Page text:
Family and lawyers speak out in Niles carbon-monoxide poisoning death lawsuit
SOUTH BEND —
The law firm representing the family of a boy who died in a carbon monoxide leak at the Niles Quality Inn & Suites are speaking out about the lawsuit filed against a local hotel.
They say their goal is to raise awareness about the dangers.
Lawyers say they have gotten subpoena power. They say they don't have all the all the information they need.
Now that the lawsuit has been filed in Berrien County Circuit Court, they can start asking questions and getting answers.
They say this tragedy could have been prevented and they want to stop it from happening again.
Paula Watts will always remember April 1 as the day she lost her son,13-year-old Bryan Douglas-Watts.
He died after a carbon monoxide leak at the Quality Inn and Suites in Niles.
Police say a "high level" of CO was found in the pool area of the hotel, the highest level recorded was 800 parts per million.
"Not just kids but folks that went in to rescue these kids were treated for carbon monoxide poisoning. They put themselves in harm’s way to save seven kids who were found unresponsive. They looked dead, they were motionless,” said attorney, Ven Johnson.
Lawyers for Bryan's mother and five other victims are calling first responder heroes. They argue a faulty pool heater system caused the pool area to fill with CO.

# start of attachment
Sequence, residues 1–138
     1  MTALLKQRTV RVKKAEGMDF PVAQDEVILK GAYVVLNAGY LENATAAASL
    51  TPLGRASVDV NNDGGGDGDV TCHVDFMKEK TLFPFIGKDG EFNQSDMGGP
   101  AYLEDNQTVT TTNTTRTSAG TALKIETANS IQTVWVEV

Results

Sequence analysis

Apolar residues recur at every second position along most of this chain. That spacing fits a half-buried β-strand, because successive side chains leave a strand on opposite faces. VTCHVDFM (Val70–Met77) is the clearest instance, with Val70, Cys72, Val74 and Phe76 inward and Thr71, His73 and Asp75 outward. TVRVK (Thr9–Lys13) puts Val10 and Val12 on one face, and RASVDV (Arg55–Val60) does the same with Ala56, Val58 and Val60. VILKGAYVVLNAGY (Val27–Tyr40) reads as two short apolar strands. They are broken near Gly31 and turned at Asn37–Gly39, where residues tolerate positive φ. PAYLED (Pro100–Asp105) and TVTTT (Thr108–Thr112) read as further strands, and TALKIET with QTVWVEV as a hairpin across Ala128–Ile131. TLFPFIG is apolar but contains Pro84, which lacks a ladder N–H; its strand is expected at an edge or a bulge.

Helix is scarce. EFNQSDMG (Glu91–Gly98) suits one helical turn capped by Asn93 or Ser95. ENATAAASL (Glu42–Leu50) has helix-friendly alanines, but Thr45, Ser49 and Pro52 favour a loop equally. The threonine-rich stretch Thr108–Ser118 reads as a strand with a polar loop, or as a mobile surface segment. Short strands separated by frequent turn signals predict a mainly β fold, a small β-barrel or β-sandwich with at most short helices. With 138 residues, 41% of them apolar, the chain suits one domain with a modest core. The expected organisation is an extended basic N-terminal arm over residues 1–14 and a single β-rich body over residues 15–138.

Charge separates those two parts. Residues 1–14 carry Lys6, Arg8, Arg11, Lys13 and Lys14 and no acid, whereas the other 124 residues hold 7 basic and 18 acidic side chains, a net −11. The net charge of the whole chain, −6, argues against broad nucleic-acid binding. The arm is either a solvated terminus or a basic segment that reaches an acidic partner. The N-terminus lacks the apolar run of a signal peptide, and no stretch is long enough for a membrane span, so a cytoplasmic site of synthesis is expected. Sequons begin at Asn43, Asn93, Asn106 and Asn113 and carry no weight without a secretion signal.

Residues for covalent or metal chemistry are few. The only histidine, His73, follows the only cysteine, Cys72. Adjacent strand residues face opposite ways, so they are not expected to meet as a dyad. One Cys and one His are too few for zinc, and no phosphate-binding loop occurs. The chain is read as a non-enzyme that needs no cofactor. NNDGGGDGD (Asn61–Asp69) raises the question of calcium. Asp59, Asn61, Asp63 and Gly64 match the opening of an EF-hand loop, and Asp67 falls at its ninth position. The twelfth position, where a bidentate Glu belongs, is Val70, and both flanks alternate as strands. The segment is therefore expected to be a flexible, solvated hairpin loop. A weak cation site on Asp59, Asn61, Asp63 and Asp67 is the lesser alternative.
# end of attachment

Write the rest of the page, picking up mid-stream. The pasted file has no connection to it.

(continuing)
"This pool heater thing is really a problem, absolutely predicable, preventable, and easily avoided if you have a licensed mechanical engineer who knows what they're doing,” Johnson said.
They say Michigan law only requires commercial buildings built after 2009 to have carbon monoxide detectors.
They say in Indiana there is no such law.
Watts say it's painful to think that Bryan is no longer here because there's no state regulations protecting people. She says that needs to change.
"What hurts the most is for him not to be here anymore is due to something so simple as a carbon monoxide detector not working. And that he can't do what he loved to do,” Watts said.
LaPorte recently passed an ordinance requiring detectors in new construction. But lawyers argue there need to be statewide legislation.
They say that's the ultimate goal of their lawsuit and to get compensation for the victims.